After weight loss, ghrelin  (the hunger hormone that drives eating) rises from pre-weight loss levels, and leptin (the satiety hormone that suppresses hunger and increases metabolism) decreases from pre-weight loss levels.  Additionally, a number of other hormones associated with appetite and metabolism change and remain altered from pre-weight loss levels.  In essence, weight loss induces a unique metabolic state that causes a biochemical imperative to eat and regain weight.

Essentially, the body rebels against the weight loss long after the dieting has stopped.  This helps explain the sobering truth that once we become fat, most of us will remain fat. That stated, there are those who, in spite of biochemical forces that are obstacles, successfully achieve and maintain a normal weight after weight loss.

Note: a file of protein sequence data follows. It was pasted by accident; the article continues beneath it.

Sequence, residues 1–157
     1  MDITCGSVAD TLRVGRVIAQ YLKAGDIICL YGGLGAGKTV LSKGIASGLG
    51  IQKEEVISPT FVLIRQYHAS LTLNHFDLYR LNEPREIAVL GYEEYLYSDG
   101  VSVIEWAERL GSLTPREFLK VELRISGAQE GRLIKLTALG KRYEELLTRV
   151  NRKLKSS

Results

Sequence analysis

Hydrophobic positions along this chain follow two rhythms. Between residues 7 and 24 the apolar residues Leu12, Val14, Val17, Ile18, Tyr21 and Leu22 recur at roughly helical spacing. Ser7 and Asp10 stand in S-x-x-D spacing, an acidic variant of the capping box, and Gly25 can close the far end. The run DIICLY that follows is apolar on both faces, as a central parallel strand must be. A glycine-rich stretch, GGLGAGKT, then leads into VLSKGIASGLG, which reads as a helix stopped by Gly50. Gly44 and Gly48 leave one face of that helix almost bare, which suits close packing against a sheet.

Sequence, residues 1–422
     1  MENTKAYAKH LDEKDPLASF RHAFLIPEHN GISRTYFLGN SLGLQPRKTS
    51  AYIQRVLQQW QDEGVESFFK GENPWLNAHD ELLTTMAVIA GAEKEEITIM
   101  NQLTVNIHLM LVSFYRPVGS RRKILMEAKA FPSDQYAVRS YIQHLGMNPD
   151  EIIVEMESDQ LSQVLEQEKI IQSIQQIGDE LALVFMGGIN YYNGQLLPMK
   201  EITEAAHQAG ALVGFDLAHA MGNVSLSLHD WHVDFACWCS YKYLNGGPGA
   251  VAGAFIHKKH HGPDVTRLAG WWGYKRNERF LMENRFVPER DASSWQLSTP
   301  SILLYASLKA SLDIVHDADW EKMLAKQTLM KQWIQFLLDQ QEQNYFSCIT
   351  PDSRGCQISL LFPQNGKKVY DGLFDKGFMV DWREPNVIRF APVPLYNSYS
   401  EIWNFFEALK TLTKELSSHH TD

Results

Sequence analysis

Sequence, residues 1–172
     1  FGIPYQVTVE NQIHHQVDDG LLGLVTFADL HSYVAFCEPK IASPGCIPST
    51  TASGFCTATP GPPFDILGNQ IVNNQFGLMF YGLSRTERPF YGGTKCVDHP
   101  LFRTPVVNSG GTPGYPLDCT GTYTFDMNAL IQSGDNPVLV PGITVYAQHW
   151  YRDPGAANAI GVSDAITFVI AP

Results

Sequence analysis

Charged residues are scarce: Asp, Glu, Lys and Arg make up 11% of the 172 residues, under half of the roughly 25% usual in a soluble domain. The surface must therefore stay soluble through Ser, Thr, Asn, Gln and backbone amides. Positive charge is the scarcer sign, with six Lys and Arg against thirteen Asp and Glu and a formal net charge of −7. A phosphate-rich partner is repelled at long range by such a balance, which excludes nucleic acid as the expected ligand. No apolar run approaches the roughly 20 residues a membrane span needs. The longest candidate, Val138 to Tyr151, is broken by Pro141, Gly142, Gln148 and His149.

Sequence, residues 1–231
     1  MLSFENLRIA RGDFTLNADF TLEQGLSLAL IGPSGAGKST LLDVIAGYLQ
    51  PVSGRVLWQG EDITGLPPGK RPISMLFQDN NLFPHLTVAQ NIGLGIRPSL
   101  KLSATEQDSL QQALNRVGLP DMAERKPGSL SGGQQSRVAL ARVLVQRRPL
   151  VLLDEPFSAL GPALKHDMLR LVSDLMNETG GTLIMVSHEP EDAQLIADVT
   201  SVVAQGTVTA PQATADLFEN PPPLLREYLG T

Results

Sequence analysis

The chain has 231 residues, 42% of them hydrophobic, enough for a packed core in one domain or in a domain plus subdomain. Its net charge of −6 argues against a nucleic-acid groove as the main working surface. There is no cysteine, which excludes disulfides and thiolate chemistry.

In addition to the internal biochemical imperative for weight gain after weight loss, our external environment aggravates the problem. We live in a culture where eating plays an enormously prominent role.  In our food-obsessed and food-centric society, it is very difficult, if not impossible, to avoid food cues and eating opportunities over the course of the day.  Our culture has reinforced using food for reasons that have no relationship to nutrition and energy, particularly when we eat for emotional reasons, ranging the gamut from reward-eating to stress-eating to boredom-eating.